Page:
- Field/facet suggestions: The Endeca search platform can determine that your search query matches some field values used for faceting and then offer a convenient filter for them. For example, given a data set of employees, the search box could have a pop-up suggestion that the word in the search box matches a department code and then offer the choice of navigating to those matching records. This can be easier and faster than choosing facets to filter on, especially if there are a great number of facet-able fields. Solr doesn't have this feature but it would not be a stretch to implement it based on its existing foundation.
- Clustering: This is another aid to navigating search results besides faceting. Search result clustering will dynamically divide the results into multiple groups called clusters, based on statistical correlation of terms in common. It is a bit of an exotic feature, but is useful with lots of results with lots of text information and after any faceted navigation is done if applicable.
So that's quite a list and there are other features you may find too. This should give you a list of features to look for in whatever you choose. Some features are obviously more important to you than others.
How NOT to implement text search: the SQL “like” clause
Perhaps “back in the day” you implemented search by simply adding like “%searchword%” in the where clause of your SQL (the author is guilty as charged!) But of course, this has serious problems such as:
- It is very slow, especially given a data set of decent size and any amount of load on the server. A database does a simple brute-force search.
- There is no concept of relevancy (e.g. a match score). A record simply matched or not. You are forced to sort on one of your columns.
- It is too literal. Even if the search is case insensitive, any extra punctuation can screw it up, or it may match parts of words when you only wanted to match whole words.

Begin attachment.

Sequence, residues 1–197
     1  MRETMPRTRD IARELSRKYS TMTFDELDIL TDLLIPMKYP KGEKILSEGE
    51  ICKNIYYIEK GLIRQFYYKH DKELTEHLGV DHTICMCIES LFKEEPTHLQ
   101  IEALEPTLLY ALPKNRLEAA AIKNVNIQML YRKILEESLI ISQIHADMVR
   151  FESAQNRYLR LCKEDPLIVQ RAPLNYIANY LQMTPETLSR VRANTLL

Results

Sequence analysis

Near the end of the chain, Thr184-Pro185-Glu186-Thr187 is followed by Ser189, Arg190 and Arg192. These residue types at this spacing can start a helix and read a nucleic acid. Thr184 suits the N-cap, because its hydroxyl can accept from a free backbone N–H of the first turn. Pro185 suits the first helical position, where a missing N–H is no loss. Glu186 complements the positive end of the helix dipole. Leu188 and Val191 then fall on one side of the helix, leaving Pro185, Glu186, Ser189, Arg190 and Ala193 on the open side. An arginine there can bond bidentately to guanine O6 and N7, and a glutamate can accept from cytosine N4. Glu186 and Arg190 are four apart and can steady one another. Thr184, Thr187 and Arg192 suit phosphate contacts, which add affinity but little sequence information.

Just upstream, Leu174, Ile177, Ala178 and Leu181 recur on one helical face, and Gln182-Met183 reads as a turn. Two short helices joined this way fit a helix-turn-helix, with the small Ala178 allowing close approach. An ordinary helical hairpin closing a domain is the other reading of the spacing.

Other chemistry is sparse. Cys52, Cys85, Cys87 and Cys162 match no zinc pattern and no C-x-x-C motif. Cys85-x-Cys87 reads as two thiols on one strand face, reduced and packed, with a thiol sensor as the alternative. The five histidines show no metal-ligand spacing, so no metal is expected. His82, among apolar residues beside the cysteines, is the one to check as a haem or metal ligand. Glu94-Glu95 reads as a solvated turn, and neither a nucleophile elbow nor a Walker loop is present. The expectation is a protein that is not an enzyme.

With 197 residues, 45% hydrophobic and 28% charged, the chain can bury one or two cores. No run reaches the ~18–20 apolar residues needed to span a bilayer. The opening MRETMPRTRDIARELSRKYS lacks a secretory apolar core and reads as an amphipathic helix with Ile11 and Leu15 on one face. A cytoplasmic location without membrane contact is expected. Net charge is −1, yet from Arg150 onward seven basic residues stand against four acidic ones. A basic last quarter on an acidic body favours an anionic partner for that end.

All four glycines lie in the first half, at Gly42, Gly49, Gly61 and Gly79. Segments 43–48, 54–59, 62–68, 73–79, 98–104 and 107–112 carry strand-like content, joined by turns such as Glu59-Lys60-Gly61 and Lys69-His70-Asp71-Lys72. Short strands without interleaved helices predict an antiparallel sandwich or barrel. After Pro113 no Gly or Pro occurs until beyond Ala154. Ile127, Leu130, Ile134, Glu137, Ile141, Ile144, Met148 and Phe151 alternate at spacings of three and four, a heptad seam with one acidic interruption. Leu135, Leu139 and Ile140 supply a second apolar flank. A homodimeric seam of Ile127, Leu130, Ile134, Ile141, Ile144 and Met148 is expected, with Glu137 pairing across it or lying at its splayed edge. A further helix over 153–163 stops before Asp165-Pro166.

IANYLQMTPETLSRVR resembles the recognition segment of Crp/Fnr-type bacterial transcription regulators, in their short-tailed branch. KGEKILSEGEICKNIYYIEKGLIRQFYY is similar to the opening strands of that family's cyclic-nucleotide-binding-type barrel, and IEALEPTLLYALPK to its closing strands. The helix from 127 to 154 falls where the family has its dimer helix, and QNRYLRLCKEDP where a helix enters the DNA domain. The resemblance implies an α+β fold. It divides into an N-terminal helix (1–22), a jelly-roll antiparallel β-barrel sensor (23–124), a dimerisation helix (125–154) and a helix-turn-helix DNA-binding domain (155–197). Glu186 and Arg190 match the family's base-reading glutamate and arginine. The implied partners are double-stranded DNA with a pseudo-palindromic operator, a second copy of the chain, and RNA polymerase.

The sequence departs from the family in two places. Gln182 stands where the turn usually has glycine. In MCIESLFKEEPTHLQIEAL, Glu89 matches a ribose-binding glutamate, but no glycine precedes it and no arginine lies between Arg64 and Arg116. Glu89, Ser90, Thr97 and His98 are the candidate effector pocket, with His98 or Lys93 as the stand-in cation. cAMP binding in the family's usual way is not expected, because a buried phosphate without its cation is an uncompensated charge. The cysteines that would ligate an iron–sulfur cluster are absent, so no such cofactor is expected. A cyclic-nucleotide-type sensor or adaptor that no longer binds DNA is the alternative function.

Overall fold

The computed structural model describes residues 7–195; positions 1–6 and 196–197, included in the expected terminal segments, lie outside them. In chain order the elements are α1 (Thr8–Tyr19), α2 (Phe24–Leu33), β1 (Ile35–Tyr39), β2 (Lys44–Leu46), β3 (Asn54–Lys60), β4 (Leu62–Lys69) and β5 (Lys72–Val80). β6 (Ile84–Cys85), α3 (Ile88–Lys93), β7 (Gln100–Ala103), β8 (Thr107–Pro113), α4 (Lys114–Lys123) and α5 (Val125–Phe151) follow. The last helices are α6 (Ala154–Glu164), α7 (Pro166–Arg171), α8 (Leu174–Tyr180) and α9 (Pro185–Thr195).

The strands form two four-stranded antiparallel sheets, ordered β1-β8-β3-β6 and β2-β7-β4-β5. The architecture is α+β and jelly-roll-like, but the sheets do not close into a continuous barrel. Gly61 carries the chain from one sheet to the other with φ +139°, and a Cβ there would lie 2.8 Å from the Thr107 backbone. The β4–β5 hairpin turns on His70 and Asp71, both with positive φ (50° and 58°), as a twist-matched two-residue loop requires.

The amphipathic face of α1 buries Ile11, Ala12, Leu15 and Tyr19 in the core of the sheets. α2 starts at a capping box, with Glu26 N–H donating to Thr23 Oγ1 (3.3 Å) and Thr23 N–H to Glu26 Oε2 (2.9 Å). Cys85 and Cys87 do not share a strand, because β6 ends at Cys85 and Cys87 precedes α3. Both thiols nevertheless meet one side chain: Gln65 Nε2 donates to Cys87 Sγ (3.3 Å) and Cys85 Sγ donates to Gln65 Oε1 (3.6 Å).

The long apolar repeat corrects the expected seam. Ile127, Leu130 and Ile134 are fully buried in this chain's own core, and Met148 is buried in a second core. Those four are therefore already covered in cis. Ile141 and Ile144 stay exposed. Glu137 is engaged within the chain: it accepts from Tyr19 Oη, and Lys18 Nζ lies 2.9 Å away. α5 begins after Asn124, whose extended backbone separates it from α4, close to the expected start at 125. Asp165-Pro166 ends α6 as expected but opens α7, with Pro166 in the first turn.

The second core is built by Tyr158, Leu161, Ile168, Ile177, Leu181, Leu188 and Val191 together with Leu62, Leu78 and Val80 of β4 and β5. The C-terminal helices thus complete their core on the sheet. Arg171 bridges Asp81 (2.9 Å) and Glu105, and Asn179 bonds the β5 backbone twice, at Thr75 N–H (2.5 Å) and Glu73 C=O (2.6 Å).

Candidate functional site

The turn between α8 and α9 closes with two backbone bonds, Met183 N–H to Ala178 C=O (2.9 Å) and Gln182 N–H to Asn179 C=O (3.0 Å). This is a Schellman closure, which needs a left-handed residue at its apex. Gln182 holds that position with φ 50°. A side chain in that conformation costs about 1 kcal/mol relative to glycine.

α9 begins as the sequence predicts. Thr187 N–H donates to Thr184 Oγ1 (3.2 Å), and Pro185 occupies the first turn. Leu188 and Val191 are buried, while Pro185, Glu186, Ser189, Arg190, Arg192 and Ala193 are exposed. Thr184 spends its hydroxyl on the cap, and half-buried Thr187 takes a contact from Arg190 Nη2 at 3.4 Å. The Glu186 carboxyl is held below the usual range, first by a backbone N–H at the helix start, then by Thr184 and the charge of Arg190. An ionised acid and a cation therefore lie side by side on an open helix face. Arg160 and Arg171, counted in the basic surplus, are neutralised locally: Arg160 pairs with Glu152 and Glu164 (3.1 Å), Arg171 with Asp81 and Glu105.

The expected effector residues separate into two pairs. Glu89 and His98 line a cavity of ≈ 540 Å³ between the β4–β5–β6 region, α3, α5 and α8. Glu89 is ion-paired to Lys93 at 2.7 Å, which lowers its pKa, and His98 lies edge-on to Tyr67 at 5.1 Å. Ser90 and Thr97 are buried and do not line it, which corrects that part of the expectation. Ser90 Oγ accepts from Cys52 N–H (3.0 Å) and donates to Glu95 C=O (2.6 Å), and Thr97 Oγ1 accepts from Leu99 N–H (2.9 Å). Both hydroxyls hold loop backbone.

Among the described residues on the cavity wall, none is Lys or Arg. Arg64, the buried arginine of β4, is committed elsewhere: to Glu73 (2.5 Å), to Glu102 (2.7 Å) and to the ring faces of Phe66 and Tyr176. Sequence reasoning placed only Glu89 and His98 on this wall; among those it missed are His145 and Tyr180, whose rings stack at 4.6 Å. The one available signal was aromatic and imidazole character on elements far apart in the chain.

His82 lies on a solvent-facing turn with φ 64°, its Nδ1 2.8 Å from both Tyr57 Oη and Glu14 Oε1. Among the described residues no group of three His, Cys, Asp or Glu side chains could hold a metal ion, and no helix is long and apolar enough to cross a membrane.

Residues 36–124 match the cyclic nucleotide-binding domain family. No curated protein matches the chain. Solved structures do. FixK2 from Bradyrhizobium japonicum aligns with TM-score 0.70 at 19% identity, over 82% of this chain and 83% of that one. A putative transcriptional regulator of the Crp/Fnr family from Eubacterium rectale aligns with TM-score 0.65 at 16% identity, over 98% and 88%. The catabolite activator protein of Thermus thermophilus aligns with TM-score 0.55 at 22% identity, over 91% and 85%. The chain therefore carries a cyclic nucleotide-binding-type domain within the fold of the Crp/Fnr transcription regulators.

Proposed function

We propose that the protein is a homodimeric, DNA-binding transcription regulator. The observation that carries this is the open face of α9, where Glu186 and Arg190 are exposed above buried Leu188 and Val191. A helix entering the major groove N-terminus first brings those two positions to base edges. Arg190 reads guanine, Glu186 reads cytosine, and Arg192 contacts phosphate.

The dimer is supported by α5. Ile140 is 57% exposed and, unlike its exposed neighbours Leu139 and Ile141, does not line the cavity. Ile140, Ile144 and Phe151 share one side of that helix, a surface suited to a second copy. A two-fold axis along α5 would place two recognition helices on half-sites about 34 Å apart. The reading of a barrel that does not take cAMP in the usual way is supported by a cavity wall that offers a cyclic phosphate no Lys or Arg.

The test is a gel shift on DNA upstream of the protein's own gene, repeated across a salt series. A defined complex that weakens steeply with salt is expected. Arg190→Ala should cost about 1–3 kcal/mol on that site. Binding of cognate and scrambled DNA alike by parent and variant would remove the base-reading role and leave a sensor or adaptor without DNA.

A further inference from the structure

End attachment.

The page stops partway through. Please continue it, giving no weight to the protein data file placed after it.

So the bottom line is don't do it! There are smarter approaches to this problem. Probably, the only situation you would do this is if you had a particular database column holding a limited number of short values and you have it indexed. Searches should go quickly and it's very easy to implement this approach.
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Databases with Built In Text Indexing Features
In relatively recent database history, it is becoming common for databases to have built-in text indexing features. It is tempting to use this feature of your database since, after all, you are already using your database so why not use it for text search too? I'll get to that in a bit. This is not a one-sided article; there are reasons why you might prefer to stick with your database's text search solution. Here are the notable reasons:
Since you are already using your database, choosing to use its text indexing features represents no changes, architecturally speaking. There is no additional system that needs to be installed and maintained. There is, however, some non-trivial education necessary on your part to understand and use the text indexing features but that is also true of Solr; perhaps, more so with Solr.
Probably the biggest obstacle to using Solr for the text index is that you need to synchronize data between your database and Solr, assuming it isn't going to be in Solr alone – an option discussed later. If it is satisfactory to fully create the Solr index on occasion, perhaps nightly, then this should be relatively easy. Getting a little more complex is augmenting that scheme to synchronize just changes (create, update, delete) on a more frequent basis. Perhaps, the most difficult is attempting to update the index automatically when changes occur in the database. Solr does not yet support “near real time search” which will allow changes to be search-able almost immediately after a change is submitted to Solr. However, depending on data size and performance targets, changes can often be search-able less than a minute after if you need it this fast.
Solr includes a module it calls the “Data Import Handler”, that is mostly for pulling in data from databases. It can even handle updates if the records contain a date. But getting data to Solr “just-in-time” will in all but one circumstance require some work on your part to coordinate. The exception here is using the “acts_as_solr” plugin available for the Ruby-on-Rails framework which synchronizes data model changes automatically. The closest thing in the Java landscape is Hibernate-Search which is an extension to Hibernate that uses Lucene. Since it is not based on Solr, some notable features like faceting are not available.